Which flows nicely into another bit of mathematical fiction, statistics and the bell curve. This is yet another concept with which I struggled, this time as a university student in 1974, because the idea of anything normal in a world characterised by Vietnam, Watergate and the Bay City Rollers could only be, in the words of Spiro T. Agnew, "a damnable, palpable lie." It also reminded me of the debates I would have as a portfolio analyst with my quant boss about over-reliance on statistical models to predict the fortunes of industry segments. I was instead a believer in the theory that an industry segment collapses under the weight of too much money chasing it, and all you need for that analysis is a critical mass of Wall Street Journal headlines.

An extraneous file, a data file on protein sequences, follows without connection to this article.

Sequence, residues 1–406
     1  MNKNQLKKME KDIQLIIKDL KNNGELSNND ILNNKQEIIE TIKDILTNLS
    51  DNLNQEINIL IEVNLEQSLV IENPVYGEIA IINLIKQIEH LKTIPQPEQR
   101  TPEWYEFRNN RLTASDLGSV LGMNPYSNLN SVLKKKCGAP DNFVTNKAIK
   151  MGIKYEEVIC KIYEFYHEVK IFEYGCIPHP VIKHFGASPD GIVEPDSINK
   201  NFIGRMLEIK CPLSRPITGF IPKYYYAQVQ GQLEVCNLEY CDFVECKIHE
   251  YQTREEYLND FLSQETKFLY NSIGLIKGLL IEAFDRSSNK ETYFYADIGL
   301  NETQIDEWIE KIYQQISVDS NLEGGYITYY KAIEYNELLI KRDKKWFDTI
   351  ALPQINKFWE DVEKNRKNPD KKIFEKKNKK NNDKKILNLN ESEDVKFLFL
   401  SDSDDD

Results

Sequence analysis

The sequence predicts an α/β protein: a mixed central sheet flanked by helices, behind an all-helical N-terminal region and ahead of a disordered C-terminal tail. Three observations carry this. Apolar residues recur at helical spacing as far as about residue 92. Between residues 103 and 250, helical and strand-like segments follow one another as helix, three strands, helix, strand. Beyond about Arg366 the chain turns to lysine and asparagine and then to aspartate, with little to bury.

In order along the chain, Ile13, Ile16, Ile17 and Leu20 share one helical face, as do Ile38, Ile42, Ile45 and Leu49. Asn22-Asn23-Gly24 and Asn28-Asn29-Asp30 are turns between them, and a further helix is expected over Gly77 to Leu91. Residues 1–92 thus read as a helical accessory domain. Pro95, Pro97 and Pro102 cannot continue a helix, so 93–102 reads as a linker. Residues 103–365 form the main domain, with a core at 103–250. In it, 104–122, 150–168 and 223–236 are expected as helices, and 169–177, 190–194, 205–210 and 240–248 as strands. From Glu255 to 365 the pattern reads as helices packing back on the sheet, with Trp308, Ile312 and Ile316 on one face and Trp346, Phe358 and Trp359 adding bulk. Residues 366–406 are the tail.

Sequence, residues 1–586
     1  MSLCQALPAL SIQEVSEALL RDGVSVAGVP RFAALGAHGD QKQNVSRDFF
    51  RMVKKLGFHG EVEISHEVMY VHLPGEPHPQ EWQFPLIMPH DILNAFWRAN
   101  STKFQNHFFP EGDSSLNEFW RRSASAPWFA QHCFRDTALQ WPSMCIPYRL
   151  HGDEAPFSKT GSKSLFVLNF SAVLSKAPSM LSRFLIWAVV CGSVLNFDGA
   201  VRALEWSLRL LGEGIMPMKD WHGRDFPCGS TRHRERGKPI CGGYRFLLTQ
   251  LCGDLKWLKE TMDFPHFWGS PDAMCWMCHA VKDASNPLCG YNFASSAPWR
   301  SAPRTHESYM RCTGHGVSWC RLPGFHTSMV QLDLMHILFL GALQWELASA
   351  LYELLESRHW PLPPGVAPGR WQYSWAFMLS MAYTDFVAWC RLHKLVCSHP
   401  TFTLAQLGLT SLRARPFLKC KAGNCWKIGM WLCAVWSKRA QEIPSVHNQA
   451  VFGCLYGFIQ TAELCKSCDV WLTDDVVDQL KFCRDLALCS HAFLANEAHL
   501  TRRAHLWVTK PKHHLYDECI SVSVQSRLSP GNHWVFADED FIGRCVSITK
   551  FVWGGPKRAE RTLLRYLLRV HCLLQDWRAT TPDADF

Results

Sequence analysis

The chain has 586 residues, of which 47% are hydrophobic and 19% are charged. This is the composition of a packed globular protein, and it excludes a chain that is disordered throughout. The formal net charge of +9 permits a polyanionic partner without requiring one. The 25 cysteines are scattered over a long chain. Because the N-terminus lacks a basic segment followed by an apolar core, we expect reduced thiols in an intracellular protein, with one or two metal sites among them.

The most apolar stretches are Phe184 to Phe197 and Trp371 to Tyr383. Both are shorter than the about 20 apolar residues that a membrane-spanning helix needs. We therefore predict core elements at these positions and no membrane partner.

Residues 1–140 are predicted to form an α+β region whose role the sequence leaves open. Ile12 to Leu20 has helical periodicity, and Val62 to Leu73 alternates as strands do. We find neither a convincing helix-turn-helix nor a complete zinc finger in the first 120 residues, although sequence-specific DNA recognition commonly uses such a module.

And that brings us to the final chapter, appropriately about infinity, a concept discussed throughout the book--especially in the bits on counting and number sequencing--but thoroughly analysed from a mathematical and philosophical standpoint here. And, face it, infinity is nothing if not a philosophical concept, especially when you consider that it can be mathematically proven that there are different values of infinity. Perhaps even an infinite amount of values of infinity. Yeah, think about it.